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Nigeria demands a local license from social media companies


ABUJA, June 9 (Reuters) – Social media firms wishing to operate in Nigeria must register and be licensed a local entity, the country’s information minister said on Wednesday, the government’s latest move since banning Twitter ( TWTR.N) last week.

“We insist that in order to operate in Nigeria you must first be a Nigerian company and be licensed by the Broadcasting Commission,” said Lai Mohammed, Nigeria’s minister of information for social media companies.

The new regulations will contain conditions for continued operation, said Mohammed without going into detail. The move comes amid what critics say is a broader crackdown on freedom of expression in Africa’s most populous country, which has drawn comparisons to Nigeria’s decades of military rule in the 20th century.

Nigeria’s government said last week it shut down Twitter activities two days after the platform removed a tweet from President Muhammadu Buhari threatening to punish secessionists. In the meantime, Nigerian telecommunications companies have blocked access to Twitter.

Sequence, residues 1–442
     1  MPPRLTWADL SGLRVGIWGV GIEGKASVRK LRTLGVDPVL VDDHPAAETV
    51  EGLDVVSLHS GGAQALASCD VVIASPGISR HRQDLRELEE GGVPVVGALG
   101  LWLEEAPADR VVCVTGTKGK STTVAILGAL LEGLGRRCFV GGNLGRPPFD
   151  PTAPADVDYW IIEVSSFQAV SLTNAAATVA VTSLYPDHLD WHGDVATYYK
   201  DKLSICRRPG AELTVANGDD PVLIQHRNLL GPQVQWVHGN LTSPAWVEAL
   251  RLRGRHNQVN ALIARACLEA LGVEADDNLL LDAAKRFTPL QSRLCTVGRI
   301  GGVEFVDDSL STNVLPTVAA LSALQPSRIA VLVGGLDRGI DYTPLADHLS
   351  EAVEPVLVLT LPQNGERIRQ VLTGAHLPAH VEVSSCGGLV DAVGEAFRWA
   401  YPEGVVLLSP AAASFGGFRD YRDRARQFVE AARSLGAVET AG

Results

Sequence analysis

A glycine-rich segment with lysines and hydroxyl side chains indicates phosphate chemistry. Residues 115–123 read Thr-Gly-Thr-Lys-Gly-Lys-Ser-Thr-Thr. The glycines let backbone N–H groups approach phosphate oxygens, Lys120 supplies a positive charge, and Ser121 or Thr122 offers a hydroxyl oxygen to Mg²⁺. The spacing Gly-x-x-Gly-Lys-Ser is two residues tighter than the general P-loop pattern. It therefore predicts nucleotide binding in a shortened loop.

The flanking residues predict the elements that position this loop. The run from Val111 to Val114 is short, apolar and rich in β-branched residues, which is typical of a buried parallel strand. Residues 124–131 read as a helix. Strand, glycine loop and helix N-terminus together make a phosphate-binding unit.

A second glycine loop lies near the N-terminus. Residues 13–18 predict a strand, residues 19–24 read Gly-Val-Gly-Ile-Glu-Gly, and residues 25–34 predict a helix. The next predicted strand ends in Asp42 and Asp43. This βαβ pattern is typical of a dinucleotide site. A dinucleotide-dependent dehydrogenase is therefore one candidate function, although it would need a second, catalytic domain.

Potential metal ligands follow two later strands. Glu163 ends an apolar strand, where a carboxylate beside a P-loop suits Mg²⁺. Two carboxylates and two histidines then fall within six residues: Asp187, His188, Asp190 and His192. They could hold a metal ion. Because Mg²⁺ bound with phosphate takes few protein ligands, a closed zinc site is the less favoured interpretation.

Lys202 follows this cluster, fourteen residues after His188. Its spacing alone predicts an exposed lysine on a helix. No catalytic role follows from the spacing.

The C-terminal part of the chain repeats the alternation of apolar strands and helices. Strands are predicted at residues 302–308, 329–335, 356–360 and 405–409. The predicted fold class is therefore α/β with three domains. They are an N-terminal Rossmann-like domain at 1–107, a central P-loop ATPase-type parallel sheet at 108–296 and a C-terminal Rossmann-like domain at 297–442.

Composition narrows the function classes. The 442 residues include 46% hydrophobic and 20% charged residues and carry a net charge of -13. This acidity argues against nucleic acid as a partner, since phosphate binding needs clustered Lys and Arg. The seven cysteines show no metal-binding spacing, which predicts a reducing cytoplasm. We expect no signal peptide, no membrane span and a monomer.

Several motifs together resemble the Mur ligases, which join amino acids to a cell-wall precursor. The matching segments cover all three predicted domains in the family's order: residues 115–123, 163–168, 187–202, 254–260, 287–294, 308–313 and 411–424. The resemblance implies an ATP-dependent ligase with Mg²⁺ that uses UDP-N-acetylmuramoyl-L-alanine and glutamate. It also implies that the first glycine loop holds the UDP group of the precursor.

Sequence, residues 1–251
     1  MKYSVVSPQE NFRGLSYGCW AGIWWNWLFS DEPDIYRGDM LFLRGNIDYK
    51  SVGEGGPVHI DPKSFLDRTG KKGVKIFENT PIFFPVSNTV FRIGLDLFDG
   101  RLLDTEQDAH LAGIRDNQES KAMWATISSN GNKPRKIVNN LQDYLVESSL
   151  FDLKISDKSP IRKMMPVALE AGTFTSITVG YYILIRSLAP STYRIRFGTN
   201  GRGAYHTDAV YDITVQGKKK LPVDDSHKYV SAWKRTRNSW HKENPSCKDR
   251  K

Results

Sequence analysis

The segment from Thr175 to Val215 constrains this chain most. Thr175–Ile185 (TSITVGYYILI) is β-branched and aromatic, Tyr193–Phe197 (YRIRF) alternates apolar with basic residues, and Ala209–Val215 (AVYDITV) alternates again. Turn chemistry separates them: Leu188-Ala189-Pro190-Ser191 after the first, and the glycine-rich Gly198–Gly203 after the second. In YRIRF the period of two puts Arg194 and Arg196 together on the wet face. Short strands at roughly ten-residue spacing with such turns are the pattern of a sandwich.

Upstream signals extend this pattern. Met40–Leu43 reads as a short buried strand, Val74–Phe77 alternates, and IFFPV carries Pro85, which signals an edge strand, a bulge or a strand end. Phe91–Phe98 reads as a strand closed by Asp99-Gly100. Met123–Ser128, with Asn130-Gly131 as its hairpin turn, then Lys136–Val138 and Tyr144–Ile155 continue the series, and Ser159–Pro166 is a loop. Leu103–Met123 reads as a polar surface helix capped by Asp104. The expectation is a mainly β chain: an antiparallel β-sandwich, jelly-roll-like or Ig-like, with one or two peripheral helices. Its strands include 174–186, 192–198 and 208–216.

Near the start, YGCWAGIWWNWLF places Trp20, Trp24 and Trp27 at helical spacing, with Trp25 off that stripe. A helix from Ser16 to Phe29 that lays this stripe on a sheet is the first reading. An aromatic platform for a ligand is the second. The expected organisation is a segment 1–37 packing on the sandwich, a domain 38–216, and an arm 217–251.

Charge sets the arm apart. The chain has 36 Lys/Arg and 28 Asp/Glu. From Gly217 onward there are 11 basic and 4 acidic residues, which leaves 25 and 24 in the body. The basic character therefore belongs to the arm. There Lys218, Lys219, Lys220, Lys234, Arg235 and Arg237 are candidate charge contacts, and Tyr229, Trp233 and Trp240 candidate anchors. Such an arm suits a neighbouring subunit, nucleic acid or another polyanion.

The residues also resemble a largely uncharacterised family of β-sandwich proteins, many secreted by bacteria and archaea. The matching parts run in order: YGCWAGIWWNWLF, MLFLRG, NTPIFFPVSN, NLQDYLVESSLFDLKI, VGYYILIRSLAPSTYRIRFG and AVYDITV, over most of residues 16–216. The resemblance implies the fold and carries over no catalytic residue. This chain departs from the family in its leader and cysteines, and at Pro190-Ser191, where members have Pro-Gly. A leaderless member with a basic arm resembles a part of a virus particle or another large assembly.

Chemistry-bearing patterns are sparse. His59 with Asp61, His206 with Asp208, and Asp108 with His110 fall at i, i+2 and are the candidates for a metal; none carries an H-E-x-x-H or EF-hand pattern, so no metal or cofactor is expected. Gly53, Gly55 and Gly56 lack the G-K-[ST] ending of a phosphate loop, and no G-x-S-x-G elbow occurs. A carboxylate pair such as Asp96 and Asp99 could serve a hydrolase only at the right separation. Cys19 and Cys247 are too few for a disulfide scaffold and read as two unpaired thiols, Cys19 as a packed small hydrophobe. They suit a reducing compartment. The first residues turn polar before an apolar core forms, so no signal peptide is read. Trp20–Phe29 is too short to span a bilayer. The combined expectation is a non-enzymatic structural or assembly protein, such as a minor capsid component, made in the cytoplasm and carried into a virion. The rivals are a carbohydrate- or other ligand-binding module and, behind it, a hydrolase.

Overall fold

Buhari is a former military ruler.

Mohammed did not provide a deadline for registration and licensing, but said that some companies were notified without naming the companies concerned. He didn’t respond to calls and a message asking for details.

“Twitter has consistently made its platform available to those who threaten Nigeria’s corporate existence,” said Mohammed, naming a separatist leader and protesters against the brutality of the police.

The minister said Facebook (FB.O) and its subsidiaries Instagram and WhatsApp had not been banned but did not say whether they needed to register and obtain a license.

Reporting by Felix Onuah; Letter from Paul Carsten

Our Standards: The Thomson Reuters Trust Principles.


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